|Negative film processed in slide chemicals via crossprocessing.info|
|Photo by Chick Dastardly-JennR.Williams, via EpicEdits|
|Photo by Laurent Butre via The Darkroom|
If you want to check out more examples, check out any of these galleries:
Epic Edits: Ten Reasons to Love Cross Processed Film
The Darkroom: Cross Processing examples
The effect can also be simulated digitally with filters in Instagram in or with Photoshop. Here's a link to a Photoshop tutorial.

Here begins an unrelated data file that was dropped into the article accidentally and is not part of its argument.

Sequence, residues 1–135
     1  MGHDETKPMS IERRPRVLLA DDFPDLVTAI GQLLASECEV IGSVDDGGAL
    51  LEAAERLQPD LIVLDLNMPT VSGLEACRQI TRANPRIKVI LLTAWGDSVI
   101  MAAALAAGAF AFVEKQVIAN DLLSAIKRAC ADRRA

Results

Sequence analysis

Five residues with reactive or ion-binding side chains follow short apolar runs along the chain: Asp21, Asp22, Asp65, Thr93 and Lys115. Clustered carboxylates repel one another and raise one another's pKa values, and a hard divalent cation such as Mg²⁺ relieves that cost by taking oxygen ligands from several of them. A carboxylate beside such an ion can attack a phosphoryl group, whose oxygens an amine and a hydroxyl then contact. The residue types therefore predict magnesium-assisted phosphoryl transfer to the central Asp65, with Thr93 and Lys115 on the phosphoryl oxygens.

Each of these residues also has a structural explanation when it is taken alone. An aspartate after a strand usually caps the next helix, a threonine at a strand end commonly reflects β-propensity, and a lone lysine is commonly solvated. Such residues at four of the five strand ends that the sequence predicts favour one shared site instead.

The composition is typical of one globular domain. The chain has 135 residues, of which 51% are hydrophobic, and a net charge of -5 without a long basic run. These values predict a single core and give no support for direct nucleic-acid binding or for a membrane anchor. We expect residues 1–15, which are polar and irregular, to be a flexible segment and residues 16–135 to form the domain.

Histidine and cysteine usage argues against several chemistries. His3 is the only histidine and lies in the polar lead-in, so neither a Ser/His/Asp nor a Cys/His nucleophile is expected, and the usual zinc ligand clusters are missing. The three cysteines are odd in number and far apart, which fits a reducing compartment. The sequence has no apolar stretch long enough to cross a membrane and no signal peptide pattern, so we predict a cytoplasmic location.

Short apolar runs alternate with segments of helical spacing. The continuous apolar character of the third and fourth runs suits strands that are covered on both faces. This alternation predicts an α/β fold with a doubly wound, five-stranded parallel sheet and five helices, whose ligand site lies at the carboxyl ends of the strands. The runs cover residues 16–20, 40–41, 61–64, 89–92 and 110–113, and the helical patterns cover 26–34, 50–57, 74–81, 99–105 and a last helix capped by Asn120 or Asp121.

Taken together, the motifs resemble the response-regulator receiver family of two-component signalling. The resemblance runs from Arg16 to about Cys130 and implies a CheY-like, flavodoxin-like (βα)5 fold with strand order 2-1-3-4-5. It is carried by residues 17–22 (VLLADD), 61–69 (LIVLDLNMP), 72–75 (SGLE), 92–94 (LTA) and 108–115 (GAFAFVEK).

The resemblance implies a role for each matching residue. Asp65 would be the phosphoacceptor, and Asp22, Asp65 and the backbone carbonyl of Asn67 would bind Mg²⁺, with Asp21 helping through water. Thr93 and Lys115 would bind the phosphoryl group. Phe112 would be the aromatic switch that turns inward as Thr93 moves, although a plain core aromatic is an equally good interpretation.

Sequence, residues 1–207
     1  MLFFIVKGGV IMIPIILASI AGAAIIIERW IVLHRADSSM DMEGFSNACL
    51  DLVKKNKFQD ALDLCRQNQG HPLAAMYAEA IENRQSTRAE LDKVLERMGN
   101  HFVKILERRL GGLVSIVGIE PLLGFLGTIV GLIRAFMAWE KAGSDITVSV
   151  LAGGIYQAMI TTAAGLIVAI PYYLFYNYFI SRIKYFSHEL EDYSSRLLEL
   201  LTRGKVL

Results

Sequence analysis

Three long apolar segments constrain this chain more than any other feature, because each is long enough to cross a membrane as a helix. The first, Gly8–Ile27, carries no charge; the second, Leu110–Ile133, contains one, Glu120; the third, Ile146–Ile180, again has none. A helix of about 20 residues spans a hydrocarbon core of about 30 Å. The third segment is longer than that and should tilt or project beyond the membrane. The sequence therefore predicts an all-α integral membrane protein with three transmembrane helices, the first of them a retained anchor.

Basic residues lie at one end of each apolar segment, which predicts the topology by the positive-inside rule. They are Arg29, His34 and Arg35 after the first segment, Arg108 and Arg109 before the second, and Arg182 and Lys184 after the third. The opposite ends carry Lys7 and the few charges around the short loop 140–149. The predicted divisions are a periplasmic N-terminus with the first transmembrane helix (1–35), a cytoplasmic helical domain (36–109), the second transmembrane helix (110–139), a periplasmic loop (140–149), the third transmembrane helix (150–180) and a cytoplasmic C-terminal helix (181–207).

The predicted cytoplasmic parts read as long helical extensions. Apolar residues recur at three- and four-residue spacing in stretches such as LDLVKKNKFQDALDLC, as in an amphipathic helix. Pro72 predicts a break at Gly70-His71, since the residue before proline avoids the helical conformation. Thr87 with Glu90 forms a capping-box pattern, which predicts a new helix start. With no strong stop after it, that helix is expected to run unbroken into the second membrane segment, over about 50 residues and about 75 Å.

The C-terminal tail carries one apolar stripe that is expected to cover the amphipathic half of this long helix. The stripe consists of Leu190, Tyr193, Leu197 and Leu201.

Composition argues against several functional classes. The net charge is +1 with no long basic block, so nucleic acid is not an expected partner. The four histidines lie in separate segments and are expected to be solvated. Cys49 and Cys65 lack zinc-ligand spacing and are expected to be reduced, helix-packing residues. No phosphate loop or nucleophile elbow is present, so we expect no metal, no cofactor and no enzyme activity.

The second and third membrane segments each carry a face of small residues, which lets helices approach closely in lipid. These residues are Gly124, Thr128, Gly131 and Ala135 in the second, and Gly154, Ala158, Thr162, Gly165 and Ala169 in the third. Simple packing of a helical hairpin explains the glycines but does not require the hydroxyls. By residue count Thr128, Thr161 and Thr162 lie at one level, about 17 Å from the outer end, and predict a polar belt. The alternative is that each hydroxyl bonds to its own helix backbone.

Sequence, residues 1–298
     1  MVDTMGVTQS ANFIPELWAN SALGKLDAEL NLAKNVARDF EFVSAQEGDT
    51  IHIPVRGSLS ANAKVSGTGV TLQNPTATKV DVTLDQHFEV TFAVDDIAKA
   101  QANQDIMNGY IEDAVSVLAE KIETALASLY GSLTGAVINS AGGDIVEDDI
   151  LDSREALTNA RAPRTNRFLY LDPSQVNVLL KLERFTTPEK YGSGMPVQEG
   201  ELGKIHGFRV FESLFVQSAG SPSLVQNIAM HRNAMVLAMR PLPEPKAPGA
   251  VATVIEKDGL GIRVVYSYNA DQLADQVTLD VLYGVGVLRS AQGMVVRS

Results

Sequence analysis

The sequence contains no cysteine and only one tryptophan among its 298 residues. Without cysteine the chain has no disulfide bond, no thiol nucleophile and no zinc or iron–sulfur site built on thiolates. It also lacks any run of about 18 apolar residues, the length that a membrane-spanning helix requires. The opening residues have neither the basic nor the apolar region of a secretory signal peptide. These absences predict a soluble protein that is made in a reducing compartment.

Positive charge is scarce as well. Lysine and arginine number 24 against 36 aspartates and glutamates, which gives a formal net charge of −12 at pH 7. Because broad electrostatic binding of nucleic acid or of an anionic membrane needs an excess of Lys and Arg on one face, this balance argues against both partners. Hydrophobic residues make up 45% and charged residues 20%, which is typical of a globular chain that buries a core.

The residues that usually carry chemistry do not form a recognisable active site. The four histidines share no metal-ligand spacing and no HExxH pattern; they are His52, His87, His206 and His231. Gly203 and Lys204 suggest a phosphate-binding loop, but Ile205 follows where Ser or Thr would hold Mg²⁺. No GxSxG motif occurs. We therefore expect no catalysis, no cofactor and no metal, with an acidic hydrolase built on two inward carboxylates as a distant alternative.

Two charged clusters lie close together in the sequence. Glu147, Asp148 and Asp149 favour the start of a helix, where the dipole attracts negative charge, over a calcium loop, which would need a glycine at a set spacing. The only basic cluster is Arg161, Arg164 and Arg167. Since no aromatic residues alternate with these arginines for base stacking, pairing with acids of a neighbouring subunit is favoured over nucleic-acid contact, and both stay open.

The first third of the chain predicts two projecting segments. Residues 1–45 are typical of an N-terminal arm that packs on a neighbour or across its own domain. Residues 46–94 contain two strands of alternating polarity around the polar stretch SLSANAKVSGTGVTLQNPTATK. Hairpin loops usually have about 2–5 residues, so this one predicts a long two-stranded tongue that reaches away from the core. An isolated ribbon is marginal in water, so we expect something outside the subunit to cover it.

How can we use this as artists?
Traditional painters can use cross-processing as a jumping off point for exploring color schemes. One way is to use a strongly colored underpainting. The second example in this post of the guy riding the bike could be painted over an orange base color, leaving that color as the stand-in for all the light values. The scheme in the lower scene of the little kid on the Harley could be simulated with a green-red-yellow limited palette, taking care to bleach the lights, sink the darks, and vignette the edges.